Every business has some degree of ups and downs during the year. But cash flow fluctuations are much more intense for seasonal businesses. So, if your company defines itself as such, it’s important to optimize your operating cycle to anticipate and minimize shortfalls.
A High-Growth Example
To illustrate: Consider a manufacturer and distributor of lawn-and-garden products such as topsoil, potting soil, and ground cover. Its customers are lawn-and-garden retailers, hardware stores, and mass merchants. The company’s operating cycle starts when customers place orders in the fall — nine months ahead of its peak selling season. So the business begins amassing products in the fall but curtails operations in the winter. In late February, product accumulation continues, with most shipments going out in April. At this point, a lot of cash has flowed out of the company to pay operating expenses, such as utilities, salaries, raw materials costs, and shipping expenses. But cash doesn’t start flowing into the company until customers pay their bills around June. Then, the company counts inventory, pays the remaining expenses, and starts preparing for the next year. Its strategic selling window — which will determine whether the business succeeds or fails — lasts a mere eight weeks.
The Power of Projections
Sound familiar? Ideally, a seasonal business such as this should stockpile cash received at the end of its operating cycle, and then use those cash reserves to finance the next operating cycle. But cash reserves may not be enough — especially for high-growth companies. So, like many seasonal businesses, you might want to apply for a line of credit to avert potential shortfalls. To increase the chances of loan approval, compile a comprehensive loan package, including historical financial statements and tax returns, as well as marketing materials and supplier affidavits (if available). More important, draft a formal business plan that includes financial projections for next year. Some companies even project financial results for three to five years into the future. Seasonal business owners can’t rely on gut instinct. You need to develop budgets, systems, processes, and procedures ahead of the peak season to effectively manage your operating cycle.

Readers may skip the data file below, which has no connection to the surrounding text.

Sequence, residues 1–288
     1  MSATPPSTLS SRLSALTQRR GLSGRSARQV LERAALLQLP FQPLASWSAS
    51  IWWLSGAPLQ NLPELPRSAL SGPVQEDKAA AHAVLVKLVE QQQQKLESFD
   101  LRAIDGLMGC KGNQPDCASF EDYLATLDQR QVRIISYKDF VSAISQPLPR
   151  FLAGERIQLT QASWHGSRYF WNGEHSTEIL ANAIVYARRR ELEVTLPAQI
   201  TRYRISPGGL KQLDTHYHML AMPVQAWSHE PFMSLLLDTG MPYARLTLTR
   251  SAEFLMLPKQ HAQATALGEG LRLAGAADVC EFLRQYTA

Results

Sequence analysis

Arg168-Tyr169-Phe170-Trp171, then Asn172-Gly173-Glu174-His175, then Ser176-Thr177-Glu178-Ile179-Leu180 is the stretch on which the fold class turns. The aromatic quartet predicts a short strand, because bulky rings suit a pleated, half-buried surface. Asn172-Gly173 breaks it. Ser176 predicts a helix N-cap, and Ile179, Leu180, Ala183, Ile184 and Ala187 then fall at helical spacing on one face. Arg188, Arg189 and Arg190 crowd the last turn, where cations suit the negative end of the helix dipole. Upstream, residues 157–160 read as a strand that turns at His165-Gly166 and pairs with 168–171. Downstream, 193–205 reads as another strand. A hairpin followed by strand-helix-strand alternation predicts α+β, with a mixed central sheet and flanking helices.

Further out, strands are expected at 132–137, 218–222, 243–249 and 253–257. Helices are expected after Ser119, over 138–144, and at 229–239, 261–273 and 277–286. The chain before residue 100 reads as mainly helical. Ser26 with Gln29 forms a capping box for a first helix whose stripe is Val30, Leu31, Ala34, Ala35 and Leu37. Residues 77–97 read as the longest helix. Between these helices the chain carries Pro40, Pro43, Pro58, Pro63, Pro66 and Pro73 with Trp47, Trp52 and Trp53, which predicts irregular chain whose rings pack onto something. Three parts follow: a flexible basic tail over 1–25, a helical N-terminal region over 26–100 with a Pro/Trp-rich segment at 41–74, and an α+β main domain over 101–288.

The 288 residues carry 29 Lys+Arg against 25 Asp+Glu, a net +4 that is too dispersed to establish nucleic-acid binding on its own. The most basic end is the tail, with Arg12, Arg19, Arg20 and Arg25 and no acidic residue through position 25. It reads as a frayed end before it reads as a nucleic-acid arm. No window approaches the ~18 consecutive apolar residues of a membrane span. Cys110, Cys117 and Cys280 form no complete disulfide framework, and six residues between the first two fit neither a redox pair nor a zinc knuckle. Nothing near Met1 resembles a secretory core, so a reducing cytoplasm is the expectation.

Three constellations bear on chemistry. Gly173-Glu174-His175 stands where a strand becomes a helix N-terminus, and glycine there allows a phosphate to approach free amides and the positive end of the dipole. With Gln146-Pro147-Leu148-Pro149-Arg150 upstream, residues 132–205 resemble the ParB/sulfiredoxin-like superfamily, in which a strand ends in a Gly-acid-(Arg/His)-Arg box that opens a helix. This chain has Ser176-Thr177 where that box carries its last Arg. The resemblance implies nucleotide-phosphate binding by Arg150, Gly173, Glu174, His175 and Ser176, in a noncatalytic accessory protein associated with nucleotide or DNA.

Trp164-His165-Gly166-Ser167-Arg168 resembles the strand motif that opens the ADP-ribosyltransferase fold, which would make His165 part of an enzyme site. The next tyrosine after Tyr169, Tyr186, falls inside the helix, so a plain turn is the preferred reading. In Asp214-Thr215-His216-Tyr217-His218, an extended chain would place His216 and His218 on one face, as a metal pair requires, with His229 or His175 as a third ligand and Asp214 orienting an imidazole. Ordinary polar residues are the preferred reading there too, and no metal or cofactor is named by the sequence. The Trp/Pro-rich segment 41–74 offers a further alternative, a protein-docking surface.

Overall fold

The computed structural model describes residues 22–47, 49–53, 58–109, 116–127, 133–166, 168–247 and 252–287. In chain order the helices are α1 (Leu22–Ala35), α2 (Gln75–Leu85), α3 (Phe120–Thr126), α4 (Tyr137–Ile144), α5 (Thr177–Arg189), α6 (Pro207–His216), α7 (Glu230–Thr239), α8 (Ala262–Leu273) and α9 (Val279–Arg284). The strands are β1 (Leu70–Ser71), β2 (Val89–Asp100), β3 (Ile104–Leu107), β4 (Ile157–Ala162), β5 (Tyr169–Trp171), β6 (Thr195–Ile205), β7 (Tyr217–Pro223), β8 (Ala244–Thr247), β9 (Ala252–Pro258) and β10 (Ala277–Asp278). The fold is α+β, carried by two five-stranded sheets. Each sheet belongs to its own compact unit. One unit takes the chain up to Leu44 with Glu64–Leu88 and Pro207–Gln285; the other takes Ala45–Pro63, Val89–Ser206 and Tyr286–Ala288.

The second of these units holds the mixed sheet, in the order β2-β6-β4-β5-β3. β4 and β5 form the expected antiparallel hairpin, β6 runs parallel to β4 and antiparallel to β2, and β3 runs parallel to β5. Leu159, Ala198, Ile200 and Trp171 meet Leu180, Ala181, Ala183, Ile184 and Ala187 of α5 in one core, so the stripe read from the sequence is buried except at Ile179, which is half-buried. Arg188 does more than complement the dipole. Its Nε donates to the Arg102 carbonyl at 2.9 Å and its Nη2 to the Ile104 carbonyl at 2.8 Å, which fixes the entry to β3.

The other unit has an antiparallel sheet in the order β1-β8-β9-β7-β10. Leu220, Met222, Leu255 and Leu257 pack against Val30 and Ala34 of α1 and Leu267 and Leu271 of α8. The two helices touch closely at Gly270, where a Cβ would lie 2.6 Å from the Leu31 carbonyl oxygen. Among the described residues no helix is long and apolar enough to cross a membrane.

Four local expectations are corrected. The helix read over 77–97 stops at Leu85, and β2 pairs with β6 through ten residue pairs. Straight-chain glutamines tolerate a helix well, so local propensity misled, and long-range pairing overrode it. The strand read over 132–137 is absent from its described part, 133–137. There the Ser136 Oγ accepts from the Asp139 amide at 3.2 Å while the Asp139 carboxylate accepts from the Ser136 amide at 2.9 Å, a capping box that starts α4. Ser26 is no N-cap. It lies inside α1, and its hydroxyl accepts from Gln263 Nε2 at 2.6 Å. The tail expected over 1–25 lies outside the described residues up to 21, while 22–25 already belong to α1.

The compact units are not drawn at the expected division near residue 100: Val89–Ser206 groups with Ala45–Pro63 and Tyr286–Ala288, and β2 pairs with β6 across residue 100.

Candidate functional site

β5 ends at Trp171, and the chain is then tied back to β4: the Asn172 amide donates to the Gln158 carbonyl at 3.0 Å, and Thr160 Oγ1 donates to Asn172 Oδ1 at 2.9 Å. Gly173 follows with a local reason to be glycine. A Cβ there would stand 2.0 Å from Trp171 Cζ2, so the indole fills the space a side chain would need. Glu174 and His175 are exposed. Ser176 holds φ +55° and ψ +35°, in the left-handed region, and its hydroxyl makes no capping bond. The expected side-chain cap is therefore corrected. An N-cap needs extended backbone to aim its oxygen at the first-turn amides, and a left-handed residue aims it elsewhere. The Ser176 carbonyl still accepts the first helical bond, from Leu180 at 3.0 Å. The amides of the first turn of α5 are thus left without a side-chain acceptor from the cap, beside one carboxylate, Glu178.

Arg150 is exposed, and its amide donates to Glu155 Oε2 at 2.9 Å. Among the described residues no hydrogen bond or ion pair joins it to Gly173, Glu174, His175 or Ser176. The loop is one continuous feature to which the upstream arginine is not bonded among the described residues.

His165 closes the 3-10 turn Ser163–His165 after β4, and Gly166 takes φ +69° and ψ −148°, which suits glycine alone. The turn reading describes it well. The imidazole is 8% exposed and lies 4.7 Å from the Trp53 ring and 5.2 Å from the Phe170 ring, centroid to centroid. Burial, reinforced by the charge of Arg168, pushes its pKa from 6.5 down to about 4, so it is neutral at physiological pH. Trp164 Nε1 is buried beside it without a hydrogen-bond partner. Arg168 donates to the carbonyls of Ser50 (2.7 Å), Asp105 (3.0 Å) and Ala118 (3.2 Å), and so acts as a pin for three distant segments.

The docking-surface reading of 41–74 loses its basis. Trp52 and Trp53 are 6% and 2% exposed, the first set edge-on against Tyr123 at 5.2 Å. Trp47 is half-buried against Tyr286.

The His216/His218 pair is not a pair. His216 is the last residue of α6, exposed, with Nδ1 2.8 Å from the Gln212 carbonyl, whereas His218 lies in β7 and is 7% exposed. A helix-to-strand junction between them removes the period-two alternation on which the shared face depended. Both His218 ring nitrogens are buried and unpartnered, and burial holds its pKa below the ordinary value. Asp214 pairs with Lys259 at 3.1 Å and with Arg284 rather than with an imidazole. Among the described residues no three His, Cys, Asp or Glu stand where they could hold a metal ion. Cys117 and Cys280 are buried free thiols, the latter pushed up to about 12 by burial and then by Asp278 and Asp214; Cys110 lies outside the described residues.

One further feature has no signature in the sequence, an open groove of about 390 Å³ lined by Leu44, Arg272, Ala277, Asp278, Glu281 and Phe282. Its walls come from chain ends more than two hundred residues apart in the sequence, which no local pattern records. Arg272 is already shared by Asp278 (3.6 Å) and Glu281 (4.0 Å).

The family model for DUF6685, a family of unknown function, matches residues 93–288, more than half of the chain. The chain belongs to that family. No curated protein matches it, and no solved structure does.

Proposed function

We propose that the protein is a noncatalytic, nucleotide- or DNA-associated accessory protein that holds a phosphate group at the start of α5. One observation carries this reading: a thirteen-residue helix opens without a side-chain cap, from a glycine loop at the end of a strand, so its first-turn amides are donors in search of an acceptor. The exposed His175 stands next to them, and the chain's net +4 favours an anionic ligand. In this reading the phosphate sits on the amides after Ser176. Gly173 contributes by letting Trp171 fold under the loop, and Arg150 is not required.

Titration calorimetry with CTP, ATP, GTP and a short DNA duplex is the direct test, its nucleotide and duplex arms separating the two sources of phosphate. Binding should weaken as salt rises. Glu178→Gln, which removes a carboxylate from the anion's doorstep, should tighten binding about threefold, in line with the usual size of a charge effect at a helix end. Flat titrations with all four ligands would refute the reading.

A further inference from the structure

Seasonal businesses face many distinctive challenges. Please contact Theus Law Offices for assistance overcoming these obstacles and strengthening your bottom line. Theus Law Offices provides a complete range of business planning and litigation services. If you or your business are facing a tax problem or business issue and need a Louisiana business lawyer or tax attorney in Alexandria, Lafayette, Lake Charles, Baton Rouge, New Orleans, Shreveport, Monroe, or elsewhere in Central Louisiana, let our business attorneys and tax attorneys help you.